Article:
While this reads like a John Grisham novel the unfortunate truth is that often corporations that are defendants, and their attorneys, sometimes employ the same defensive tactics of trying to hide the truth.  Whether the company manufactures plastics or is a privately owned nursing home the fact remains the same – fraud and concealment occur, sometimes pushing the legal limits.   While the discovery process requires both sides to be forthcoming with information, how would a plaintiff know what they don’t have if they don’t know it exists?  Sometimes concealment comes in the form of denying a request because perhaps the right lingo isn’t used and sometimes, like in Cahill, it crosses the line by denying an incriminating incident report even exists or hiding the name of an employee who has knowledge about it.

The District Court Judge dismissed this case initially due in part to the litigation privilege which is a certain type of immunity given to lawyers to protect them from lawsuits based on their statements in judicial proceedings.   However, the Third Circuit found that the litigation privilege has limits, in part, which do not permit corporate defendants to subvert the legal process through a pattern of conduct which includes misrepresentation not only to plaintiff’s lawyers but tribunals as well. In the words of Judge Julio Fuentes, “The privilege has never applied to so shield systematic fraud directed at the integrity of the judicial process.  Nor should it.”

If you believe you or a loved one has been injured at work, by a defective product, or through medical malpractice at a nursing home, please contact our office.

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Nursing Home Abuse: Alzheimer’s Patient in Florida Tragedy Reinforces Need for Strict Nursing Home Supervision

By admin

October 31st, 2014

Two certified nursing assistants at Florida nursing home are under arrest after they tormented and hit a 75-year-old Alzheimer’s Disease patient, according to Winter Haven police.  The alleged nursing home abuse was caught on camera.

Detectives say the patient’s son saw unusual bruises on his father’s arms and legs and decided to set up a hidden camera which revealed three specific incidents that happened over a timespan of three weeks.

These are the images of our nightmares; entrusting a loved one to another’s care only to find that trust has been violated and abuse has occurred.  It is imperative to know the warning signs of abuse.  Some red flags include:

Falls, fractures or head injuries
Bed sores (pressure ulcers)
Ligature marks around throat, mouth, wrists or ankles
Sudden changes in weight
Unusual or sudden changes in behavior
Soiling, poor hygiene, urine and feces odor

It is also very important to monitor your loved one’s treatment at the chosen facility on a regular basis, and immediately voice your concerns if you suspect any type of nursing home abuse, neglect or denial of your loved one’s rights. Studies show that family involvement increases the likelihood that a long-term care resident will receive quality care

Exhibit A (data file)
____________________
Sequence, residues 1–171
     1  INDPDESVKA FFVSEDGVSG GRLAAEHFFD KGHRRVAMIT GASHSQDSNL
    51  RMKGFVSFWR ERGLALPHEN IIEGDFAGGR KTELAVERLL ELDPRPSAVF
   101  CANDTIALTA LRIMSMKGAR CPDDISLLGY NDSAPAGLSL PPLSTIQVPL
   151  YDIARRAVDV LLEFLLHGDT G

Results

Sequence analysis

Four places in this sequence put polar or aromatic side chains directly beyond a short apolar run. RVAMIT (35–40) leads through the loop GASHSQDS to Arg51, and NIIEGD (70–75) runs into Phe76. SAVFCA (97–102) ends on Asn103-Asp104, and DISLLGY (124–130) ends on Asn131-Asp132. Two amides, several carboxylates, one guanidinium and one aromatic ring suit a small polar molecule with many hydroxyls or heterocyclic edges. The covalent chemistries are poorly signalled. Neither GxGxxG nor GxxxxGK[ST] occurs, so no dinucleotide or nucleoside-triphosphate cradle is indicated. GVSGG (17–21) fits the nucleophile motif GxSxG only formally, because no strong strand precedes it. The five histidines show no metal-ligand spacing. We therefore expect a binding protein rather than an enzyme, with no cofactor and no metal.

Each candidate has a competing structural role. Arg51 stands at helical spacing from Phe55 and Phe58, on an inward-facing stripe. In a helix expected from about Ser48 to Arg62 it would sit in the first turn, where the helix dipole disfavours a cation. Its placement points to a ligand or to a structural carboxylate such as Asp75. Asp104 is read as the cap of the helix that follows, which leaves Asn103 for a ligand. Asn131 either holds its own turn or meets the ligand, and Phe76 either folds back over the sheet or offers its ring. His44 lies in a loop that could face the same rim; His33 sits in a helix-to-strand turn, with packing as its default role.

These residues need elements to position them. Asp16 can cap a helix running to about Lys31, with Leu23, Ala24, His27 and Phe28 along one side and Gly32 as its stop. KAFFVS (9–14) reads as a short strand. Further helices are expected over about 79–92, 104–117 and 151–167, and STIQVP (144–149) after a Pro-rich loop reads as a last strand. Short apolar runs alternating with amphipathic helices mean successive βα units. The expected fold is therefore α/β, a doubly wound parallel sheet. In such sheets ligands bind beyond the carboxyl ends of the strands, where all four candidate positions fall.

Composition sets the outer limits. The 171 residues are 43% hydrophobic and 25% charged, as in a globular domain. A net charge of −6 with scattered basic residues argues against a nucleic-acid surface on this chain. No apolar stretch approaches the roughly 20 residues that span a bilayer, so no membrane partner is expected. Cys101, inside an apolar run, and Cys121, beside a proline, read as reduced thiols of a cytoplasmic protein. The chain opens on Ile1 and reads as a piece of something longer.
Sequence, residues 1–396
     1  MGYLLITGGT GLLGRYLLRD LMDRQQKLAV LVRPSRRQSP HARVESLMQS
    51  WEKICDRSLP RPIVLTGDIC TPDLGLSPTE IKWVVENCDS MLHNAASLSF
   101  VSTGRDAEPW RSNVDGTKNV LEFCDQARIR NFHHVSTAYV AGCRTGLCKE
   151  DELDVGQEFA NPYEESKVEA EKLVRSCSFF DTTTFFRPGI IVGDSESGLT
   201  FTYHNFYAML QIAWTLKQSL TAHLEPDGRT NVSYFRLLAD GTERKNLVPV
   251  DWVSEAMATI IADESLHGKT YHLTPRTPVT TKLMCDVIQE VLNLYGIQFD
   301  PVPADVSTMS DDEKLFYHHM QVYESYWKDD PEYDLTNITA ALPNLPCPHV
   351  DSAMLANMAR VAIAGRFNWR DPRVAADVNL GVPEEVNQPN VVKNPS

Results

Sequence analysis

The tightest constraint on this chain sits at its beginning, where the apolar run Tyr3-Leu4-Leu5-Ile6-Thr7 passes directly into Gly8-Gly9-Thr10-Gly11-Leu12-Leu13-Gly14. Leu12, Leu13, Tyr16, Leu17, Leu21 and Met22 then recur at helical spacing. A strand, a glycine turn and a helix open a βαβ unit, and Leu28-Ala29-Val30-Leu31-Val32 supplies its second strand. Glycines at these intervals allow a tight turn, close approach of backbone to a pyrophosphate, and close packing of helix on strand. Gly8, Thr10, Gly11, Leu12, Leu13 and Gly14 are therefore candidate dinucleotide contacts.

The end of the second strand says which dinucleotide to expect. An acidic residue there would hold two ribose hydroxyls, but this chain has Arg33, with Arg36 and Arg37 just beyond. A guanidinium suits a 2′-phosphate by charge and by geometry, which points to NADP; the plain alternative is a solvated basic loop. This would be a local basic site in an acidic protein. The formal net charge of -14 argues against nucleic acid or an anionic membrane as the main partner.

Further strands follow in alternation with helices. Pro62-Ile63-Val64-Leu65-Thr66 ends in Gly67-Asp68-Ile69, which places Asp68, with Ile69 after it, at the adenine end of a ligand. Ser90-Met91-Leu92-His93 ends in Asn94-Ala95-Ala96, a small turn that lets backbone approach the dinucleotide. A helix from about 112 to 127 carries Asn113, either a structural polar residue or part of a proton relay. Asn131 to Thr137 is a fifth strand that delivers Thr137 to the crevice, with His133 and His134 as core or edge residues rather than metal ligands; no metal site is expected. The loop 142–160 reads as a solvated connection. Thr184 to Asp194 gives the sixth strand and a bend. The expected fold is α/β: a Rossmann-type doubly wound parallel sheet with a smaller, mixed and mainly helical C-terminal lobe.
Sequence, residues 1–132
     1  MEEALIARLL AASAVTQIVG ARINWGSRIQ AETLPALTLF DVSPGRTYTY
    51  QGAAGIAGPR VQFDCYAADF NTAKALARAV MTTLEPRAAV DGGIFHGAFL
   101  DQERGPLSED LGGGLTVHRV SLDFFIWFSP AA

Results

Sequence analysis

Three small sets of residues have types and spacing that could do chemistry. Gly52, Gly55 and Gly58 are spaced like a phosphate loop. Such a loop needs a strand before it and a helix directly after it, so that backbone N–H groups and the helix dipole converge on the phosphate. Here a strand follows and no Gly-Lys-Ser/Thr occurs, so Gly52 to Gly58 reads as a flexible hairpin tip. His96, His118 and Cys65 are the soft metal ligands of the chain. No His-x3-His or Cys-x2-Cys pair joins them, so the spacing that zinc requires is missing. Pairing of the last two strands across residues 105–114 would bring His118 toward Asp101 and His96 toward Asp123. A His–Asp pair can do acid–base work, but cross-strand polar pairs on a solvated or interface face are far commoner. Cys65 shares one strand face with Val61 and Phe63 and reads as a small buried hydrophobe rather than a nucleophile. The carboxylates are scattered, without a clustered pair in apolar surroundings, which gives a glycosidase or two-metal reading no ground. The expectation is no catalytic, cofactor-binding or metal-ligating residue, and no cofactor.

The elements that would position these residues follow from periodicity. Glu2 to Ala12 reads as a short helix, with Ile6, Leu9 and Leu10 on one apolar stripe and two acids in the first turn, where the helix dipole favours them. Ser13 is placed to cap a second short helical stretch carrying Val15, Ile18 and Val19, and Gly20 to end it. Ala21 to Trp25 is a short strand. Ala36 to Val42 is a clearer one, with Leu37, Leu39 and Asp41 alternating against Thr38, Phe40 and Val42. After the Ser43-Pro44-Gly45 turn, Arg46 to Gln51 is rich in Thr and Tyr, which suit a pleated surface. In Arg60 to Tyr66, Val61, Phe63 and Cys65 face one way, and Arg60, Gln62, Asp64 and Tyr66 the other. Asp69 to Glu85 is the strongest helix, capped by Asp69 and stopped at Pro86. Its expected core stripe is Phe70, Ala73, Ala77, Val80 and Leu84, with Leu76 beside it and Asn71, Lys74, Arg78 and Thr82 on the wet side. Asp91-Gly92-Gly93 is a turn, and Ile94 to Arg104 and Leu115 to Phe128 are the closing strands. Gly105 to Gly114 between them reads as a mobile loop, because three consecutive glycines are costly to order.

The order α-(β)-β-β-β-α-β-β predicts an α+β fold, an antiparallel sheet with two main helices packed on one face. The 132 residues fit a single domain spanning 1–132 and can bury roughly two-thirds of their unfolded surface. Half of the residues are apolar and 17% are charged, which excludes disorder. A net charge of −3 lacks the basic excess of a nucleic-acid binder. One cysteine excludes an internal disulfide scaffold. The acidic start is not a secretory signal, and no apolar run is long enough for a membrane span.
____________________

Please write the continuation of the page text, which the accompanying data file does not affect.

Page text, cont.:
In-room surveillance camera’s (like the ones used in the case above) may be another option.  For more information on “Granny Cams” please see our related blog:

Should you suspect nursing home abuse or neglect please call me at 609-520-0900 for a free consultation.

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Pressure Ulcers and Expensive Care Plague New Jersey Nursing Homes

By admin

July 31st, 2014

According to a recent survey over 8 percent of New Jersey nursing home residents were reported to suffer from pressure ulcers, also known as bed sores.  This ranks New Jersey higher than the national average, which has a median rate of 5.9 percent, and placed them second-worst in this category.

New Jersey nursing home residents also fared poorly when it came to cost of services; ranking sixth-highest in the nation.

The report, sponsored by AARP as well as the Commonwealth Fund and the SCAN Foundation, ranked NJ 26th overall after some of its problems were mitigated by nursing home practices that were working; such as 8th lowest staff turnover rate and fourth lowest number of patients prescribed anti-psychotic medication.

Eight percent of residents with pressure ulcers is a statistic that is not acceptable!  Pressure ulcers are avoidable and they are a sign of nursing home neglect.   If you or a loved one is not receiving the care you are paying for, and deserve, contact us immediately so we can help!

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Medical Errors: Experts Tell Senate That Hospital Patients Are No Safer Today Then 15 Years Ago

By admin

July 28th, 2014

On July 17th Healthcare Experts told a Senate Subcommittee that American Hospitals are no safer than they were 15 years ago when the Institute of Medicine published its report “Too Err is Human”.  An alarming number of patients are still being harmed and even dying due to preventable medical errors.

Recent estimates of premature death associated with preventable harm to patients may be close to 400,000 a year according to a report in Outpatient Survey magazine.   Medical errors are considered the third leading cause of death in the U.S. – after heart disease and cancer.

Speakers at the Senate hearing called for industry-wide changes such as more reliable data, metrics and monitoring systems and said any improvement so far have been limited, sporadic and inconsistent.

Dr. Tejai Gandi, president of the National Patient’s Safety Foundation commented, “A culture where people are afraid to speak out about errors won’t get a hospital very far on any initiative”.

The lawyers at Pellettieri Rabstein & Altman have seen the devastating effects of medical errors and negligence.   We understand that holding medical providers responsible for preventable errors is one way to try to facilitate change.